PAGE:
gentleness

By May 25, 2013Church

Does gentleness come naturally to you?  Most likely not.  Gentleness and selfishness do not work well together.  As humans, everything about us wants to focus on self — our needs, our wants, our desires.  We protect our interests.  We look out for number one.

Selfish people are rarely gentle people.

If you are a Christ-follower, did you know you’ve been commanded to be gentle?  It’s straight from Paul’s letter to the Philippian church:

Let your gentleness be evident to all. The Lord is near” (Philippians 4:5).

Gentleness is more than kindness, though it is hard (if not impossible) to be gentle without being kind.

Gentleness is more than a tone-of-voice, though it certainly includes the manner in which you address other people.

In the biblical sense, gentleness is a willingness to not demand your rights in a given situation.  A gentle person does not have to go around always insisting they are right — even if they are, in fact, right.  While not ignoring justice, a gentle person will see both the letter and spirit of the law.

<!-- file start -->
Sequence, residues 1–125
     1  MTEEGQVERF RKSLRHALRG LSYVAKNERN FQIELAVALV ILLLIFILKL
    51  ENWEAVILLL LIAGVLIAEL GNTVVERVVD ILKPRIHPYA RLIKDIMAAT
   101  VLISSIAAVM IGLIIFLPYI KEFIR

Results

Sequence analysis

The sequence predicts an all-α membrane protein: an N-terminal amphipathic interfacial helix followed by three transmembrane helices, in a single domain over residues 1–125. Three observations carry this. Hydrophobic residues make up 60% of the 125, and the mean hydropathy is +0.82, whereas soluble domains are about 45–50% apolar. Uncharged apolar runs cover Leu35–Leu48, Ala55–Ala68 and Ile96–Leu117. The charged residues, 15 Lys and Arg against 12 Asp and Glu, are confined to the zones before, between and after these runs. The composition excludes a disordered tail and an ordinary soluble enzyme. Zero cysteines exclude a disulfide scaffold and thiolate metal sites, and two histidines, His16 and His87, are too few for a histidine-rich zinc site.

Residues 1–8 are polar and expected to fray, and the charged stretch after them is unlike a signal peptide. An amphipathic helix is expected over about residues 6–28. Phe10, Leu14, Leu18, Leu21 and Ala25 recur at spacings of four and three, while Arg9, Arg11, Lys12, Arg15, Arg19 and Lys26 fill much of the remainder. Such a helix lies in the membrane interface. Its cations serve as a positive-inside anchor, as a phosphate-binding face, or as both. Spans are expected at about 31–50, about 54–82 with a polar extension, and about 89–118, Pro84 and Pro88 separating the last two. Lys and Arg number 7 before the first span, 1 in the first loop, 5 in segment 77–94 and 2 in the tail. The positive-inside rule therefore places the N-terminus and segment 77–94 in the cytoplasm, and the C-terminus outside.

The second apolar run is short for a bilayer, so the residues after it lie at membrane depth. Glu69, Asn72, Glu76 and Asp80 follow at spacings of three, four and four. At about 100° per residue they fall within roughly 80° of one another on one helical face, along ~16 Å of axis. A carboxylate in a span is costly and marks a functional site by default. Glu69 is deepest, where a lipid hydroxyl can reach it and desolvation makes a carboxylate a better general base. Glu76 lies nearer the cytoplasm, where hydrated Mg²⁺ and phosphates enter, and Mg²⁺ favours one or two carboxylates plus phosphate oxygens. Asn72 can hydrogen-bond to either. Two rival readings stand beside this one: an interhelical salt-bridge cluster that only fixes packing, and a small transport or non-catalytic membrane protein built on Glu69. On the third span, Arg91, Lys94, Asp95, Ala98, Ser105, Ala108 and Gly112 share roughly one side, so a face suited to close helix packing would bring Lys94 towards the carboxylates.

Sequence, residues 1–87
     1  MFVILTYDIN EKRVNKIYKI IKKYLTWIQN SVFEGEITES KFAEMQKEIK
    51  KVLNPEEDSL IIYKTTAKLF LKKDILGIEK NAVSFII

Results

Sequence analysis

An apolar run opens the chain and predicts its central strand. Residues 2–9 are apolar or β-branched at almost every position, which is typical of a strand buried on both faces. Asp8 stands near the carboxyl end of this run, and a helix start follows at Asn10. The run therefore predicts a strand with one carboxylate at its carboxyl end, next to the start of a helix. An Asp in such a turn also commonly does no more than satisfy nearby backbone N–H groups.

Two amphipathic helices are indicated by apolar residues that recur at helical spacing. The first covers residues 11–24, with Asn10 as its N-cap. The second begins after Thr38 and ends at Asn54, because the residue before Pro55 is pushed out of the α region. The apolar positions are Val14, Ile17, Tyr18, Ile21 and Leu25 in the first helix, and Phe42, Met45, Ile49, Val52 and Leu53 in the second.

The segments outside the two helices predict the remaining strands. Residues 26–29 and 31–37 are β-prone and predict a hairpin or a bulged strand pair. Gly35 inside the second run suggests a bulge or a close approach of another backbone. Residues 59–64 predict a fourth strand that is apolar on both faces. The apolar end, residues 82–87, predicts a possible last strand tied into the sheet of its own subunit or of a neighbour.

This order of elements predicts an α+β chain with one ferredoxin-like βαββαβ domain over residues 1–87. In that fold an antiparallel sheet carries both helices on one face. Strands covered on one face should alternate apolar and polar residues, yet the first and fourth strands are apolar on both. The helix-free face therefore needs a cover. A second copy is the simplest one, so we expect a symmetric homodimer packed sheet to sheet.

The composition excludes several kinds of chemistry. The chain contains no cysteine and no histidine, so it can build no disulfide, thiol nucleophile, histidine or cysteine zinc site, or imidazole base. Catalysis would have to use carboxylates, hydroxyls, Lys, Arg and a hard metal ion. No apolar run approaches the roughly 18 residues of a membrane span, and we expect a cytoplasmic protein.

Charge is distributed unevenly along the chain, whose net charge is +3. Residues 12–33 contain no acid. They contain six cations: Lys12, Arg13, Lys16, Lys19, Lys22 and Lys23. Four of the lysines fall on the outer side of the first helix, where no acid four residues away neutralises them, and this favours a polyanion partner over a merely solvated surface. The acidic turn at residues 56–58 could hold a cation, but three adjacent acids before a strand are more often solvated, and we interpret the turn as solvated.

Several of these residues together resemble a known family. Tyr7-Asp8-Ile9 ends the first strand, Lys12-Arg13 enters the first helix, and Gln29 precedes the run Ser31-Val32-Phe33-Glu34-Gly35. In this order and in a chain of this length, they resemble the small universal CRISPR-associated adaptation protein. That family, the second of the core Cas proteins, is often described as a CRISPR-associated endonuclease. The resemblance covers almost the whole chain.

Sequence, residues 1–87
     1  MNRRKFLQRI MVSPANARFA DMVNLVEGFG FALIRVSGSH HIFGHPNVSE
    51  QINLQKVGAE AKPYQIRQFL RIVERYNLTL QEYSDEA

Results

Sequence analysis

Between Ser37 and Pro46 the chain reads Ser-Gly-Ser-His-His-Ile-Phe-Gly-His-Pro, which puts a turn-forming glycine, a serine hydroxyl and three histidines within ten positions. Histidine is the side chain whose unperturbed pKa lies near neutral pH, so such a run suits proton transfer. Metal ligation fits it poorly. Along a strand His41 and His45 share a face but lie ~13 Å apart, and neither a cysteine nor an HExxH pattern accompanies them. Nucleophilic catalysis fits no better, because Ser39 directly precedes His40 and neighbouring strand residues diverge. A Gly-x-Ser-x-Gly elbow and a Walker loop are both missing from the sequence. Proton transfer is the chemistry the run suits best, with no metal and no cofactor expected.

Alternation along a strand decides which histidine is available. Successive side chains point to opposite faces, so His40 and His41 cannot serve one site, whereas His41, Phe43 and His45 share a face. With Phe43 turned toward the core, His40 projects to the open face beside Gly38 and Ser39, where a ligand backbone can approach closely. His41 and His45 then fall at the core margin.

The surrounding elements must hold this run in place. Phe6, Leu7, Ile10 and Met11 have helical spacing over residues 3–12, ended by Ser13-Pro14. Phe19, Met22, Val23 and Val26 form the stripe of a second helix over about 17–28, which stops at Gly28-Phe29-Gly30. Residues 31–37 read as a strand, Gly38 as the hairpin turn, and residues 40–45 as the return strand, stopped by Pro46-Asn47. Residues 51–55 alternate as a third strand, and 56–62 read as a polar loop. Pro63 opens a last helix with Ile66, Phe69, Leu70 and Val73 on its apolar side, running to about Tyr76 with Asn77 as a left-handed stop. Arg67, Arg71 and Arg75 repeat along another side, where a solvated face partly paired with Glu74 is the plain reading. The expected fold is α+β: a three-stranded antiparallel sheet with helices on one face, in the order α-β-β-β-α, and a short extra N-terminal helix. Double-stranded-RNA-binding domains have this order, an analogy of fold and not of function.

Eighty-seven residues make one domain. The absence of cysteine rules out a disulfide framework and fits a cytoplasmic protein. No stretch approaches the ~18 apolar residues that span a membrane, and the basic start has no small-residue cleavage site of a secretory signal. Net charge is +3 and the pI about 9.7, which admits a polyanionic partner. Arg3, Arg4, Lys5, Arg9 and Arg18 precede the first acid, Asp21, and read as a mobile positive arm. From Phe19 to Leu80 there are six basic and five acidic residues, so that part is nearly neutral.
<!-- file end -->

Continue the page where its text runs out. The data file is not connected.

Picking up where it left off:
In this way, a gentle spirit is a considerate spirit.  It considers the other person.  It considers the circumstances.  It considers the greater good.

A gentle, considerate spirit isn’t driven by a desire to be right or to win.  It is driven by a desire to honor God.

Gentleness is not a natural reflex.  It must be cultivated by prayer, the Word, and the Holy Spirit.  But it can be done.  In fact, it must be done.

Imagine what a great gift the church could give the world if individual Christ-followers took seriously the challenge to be gentle!